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  #1  
Old 02-25-2021, 07:46 AM
bumbino bumbino is offline
 
Join Date: Feb 2021
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A Few Tons of 6150

Hi All,
I have recently acquired a large supply of 6150 spring steel. Most of this steel is in pristine condition, the rest is in great condition. Thickness from 0.122 thru 0.250. Widths from 1" to 4.1". Being sold in 48" lengths. The reviews are in! Blade6150.com/reviews

**edit* Wanted to make sure everyone was updated. Heat 1550 to 1600 for 20 minutes, oil quench between 300 and 400. Adjust as needed. Expect 55 to 58 hrc, but 60 is possible. Great steel!*

Thank You,
John





Last edited by bumbino; 03-31-2021 at 10:54 PM.
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  #2  
Old 02-26-2021, 09:28 PM
jimmontg jimmontg is offline
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Try to get a material analysis sheet from the manufacturer's web site and look at other steel suppliers. It isn't an expensive steel and it is sheared, but at least it looks cold rolled, worth a little more. Also you have the numbers turned around, 5160 is the proper designation.
It runs about0.60% carbon, hence the 60 designation and 0.80 chrome and 0.80-90 manganese plus some trace elements.
You can call admiral steel who sells it.
https://www.admiralsteel.com/
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  #3  
Old 02-27-2021, 12:05 AM
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TexasJack TexasJack is offline
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5160 and 6150 are both spring steels. 6150 has some vanadium. The two steels are very different when it comes to heat treating, so make sure you have the right designation posted.


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  #4  
Old 02-27-2021, 12:15 AM
bumbino bumbino is offline
 
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Hi Guys. Thanks for the feedback. It's definitely 6150. I have a few tags from the manufacturer.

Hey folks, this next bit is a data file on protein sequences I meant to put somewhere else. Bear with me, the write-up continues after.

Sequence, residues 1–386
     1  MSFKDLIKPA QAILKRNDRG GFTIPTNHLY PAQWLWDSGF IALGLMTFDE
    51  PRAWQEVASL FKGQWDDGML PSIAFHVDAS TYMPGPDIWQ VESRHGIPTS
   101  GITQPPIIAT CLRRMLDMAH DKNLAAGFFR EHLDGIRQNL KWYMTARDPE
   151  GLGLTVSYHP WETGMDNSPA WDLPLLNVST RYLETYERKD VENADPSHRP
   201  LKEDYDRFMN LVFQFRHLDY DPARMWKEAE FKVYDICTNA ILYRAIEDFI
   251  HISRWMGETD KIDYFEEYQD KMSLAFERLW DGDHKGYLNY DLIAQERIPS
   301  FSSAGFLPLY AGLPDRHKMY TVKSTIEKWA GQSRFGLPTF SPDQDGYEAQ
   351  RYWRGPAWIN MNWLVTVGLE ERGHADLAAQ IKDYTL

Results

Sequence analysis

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Old 02-27-2021, 04:25 AM
jimmontg jimmontg is offline
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My Mistake, I HAD THE NUMBERS TURNED AROUND.

Sorry, I guess I've never heard of it in knife making.

The 0,50% carbon is on the edge of hardening for knives (0.40-45%) although it would work for tough EDC knives. It is more of an ax or machete steel. I do not know who would want it in quantity, but it would make excellent axes, tomahawks, machetes and throwing knives as its metallurgy leans more towards shock absorbing.

Also do not be mislead by some steel sellers hype about the 6150's Vanadium. At 0.15% minimum vanadium tends to restrict grain growth more than creating Vanadium carbides.
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  #6  
Old 02-27-2021, 11:55 PM
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An older discussion on 6150: 6150 anyone?


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  #7  
Old 03-03-2021, 09:57 AM
bumbino bumbino is offline
 
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So i'm finding that the steel i have here has been heat treated, but it's not very hard. I can file easily and can also scratch easily with a run of the mill hacksaw blade. Is there anything i can do aside from making a blade with it to know if it can produce a good blade? Any other testing I can do? I would really like to ship some to someone who has a lot of experience in blade making. Then they can let me know what we're dealing with here.

Thank You,
John
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Old 03-03-2021, 11:44 AM